American Ingenuity Leads to Biodiesel Breakthrough

A small group of unassuming mid-westerners has discovered what could be a complete game-changer for the global biodiesel industry. Their new system makes biodiesel in mere seconds, creates a product that costs half the price, produces no waste, and can use any animal fat or vegetable oil as a feedstock.

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Even though I’m sometimes down on my country because of the pathetic state of our government, the thing that always makes my patriotism swell is the truly amazing and unexpected ingenuity that seems to spring forth from the American people.

And in this tale, American ingenuity doesn’t get much more classic. A student and his professor at a small college smack dab in the middle of the heartland that virtually nobody’s ever heard of, have figured out a way to make biodiesel quickly, cheaply, and efficiently from a very small package.

We’re not just talking an incremental improvement, we’re talking half the price and a tiny fraction of the time — a revolutionary change for the biodiesel industry. Think on the order of saving $2 for every gallon and going from raw materials to biodiesel in a few seconds versus many hours.

Not only that, the process can convert any animal fat or vegetable oil, mixed in any ratio, into biodiesel using the same compact reactor in a continuous stream. Compare this to the current method which converts the oil or fat to biodiesel over many hours in huge vat batches and creates a lot of potentially hazardous waste products.

The Mcgyan® process (so named for the inventors McNeff, Gyberg and Yan) started as a required undergraduate chemistry project for student Brian Krohn at Augsburg College in Minneapolis, MN. Krohn and his major professor, Arlin Gyberg, were looking at ways to catalyze the raw materials into biodiesel using a process called esterification.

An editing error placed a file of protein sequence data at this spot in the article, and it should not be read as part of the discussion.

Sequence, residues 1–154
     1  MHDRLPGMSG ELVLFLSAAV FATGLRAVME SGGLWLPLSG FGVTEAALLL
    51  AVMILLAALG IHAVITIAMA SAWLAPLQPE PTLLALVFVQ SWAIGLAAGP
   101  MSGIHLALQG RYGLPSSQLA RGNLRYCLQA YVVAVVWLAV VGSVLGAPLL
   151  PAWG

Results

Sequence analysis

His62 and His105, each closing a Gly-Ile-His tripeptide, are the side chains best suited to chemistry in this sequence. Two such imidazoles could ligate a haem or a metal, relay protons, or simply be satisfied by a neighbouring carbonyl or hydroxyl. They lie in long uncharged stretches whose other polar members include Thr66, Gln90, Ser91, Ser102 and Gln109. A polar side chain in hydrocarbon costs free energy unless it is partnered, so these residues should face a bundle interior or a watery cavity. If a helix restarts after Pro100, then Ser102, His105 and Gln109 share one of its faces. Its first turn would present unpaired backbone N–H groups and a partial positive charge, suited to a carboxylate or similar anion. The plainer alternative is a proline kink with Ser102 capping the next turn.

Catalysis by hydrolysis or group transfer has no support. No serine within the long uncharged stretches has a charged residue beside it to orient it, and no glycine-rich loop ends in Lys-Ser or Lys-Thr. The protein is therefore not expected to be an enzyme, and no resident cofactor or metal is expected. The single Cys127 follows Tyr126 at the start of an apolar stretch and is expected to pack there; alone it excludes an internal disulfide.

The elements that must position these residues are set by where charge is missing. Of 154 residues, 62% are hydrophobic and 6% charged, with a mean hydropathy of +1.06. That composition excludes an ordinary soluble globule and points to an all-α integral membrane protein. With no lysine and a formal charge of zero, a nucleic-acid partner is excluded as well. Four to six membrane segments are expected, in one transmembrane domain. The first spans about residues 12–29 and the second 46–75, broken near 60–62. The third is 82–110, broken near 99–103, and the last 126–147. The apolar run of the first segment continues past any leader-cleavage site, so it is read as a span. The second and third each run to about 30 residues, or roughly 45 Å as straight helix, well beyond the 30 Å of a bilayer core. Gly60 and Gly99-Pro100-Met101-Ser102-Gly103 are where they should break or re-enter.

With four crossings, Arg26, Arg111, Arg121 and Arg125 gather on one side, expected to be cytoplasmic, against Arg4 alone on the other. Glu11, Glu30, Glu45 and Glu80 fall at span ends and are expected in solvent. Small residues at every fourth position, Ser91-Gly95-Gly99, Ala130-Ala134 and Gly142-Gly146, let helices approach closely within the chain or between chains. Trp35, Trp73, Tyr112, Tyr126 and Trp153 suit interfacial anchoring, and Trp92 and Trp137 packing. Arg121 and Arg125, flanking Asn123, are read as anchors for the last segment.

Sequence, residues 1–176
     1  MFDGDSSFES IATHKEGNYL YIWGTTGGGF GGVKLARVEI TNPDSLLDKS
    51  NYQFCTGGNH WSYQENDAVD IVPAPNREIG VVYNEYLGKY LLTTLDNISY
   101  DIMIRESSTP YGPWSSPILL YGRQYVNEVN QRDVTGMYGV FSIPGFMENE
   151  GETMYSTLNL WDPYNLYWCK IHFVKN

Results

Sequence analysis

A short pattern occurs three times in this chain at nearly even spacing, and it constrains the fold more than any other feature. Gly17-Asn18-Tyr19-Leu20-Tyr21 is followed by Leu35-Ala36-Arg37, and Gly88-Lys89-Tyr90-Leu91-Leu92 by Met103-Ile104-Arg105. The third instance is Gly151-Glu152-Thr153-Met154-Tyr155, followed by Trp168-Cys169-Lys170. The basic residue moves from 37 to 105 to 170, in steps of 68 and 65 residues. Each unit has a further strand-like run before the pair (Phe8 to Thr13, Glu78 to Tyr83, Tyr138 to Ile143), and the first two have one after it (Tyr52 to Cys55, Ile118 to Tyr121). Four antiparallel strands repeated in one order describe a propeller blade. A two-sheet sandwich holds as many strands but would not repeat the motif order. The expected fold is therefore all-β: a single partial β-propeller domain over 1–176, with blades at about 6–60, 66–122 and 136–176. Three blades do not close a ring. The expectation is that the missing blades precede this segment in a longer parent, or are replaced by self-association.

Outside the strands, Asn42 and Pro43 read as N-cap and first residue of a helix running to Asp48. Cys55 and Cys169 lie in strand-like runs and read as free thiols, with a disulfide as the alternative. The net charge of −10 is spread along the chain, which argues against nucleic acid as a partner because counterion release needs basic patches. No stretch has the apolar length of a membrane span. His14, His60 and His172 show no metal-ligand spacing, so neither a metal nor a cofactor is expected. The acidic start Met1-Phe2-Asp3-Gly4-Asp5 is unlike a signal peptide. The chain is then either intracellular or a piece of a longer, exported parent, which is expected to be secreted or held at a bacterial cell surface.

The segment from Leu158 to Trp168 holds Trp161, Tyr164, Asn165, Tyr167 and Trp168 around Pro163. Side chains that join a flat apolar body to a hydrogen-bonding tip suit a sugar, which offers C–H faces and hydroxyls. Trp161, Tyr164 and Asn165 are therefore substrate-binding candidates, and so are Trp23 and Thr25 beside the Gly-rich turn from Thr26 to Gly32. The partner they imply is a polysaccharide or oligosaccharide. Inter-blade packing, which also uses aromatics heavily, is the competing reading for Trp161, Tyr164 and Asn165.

The basic idea was to run the raw fats and oils over a sulfated zirconia catalyst to change them into biodiesel. This idea isn’t new, but the duo thought they could improve on it. In the end, the pair enlisted the help of another scientist Ben Yan and an Augsburg alum Clayton McNeff.

McNeff already owned a company that made zirconia separating columns which are typically used for something completely different. With a little modification, these columns were turned into sulfated zirconia biodiesel reactors.

Basically, the process works like this:

  • Raw fats and oils of any type are combined with an alcohol
  • This mixture is fed through a sulfated zirconia column heated to 300 degrees Celsius
  • Their Easy Fatty Acid Removal (EFAR) system recycles any unreacted raw material back through the reactor
  • Excess alcohol is recycled back through the reactor
  • Pure biodiesel comes out the end

The advantages of the system are:

  • No waste produced; No washing or neutralizing of the biodiesel is necessary
  • 100% conversion of raw materials to biodiesel
  • Any raw fat or oil can be used to make biodiesel
  • Very efficient due to heat recapture from the column
  • Sulfated zirconia catalyst never needs replacing
  • Very small footprint of the reactor system, uses an extremely small amount of area for the amount of biodiesel produced
  • Essentially no emissions and no waste stream from the process; Easy permitting from the government

The group has formed a company called Ever Cat Fuels and is in the process of building a 3 million gallon per year (MMgy) commercial biodiesel facility with the intention of scaling it up to 30 MMgy in the next 3-5 years. As soon as the Ever Cat plant is producing biodiesel successfully, the group plans on licensing the technology to other interested parties.

Bada-bing, bada-bang. Anybody have start-up capital to help me license their tech (I’m only part-way kidding)?

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Source: Biodiesel Magazine

Image Credit: Ever Cat Fuels

 

Nick Chambers

Not your traditional car guy.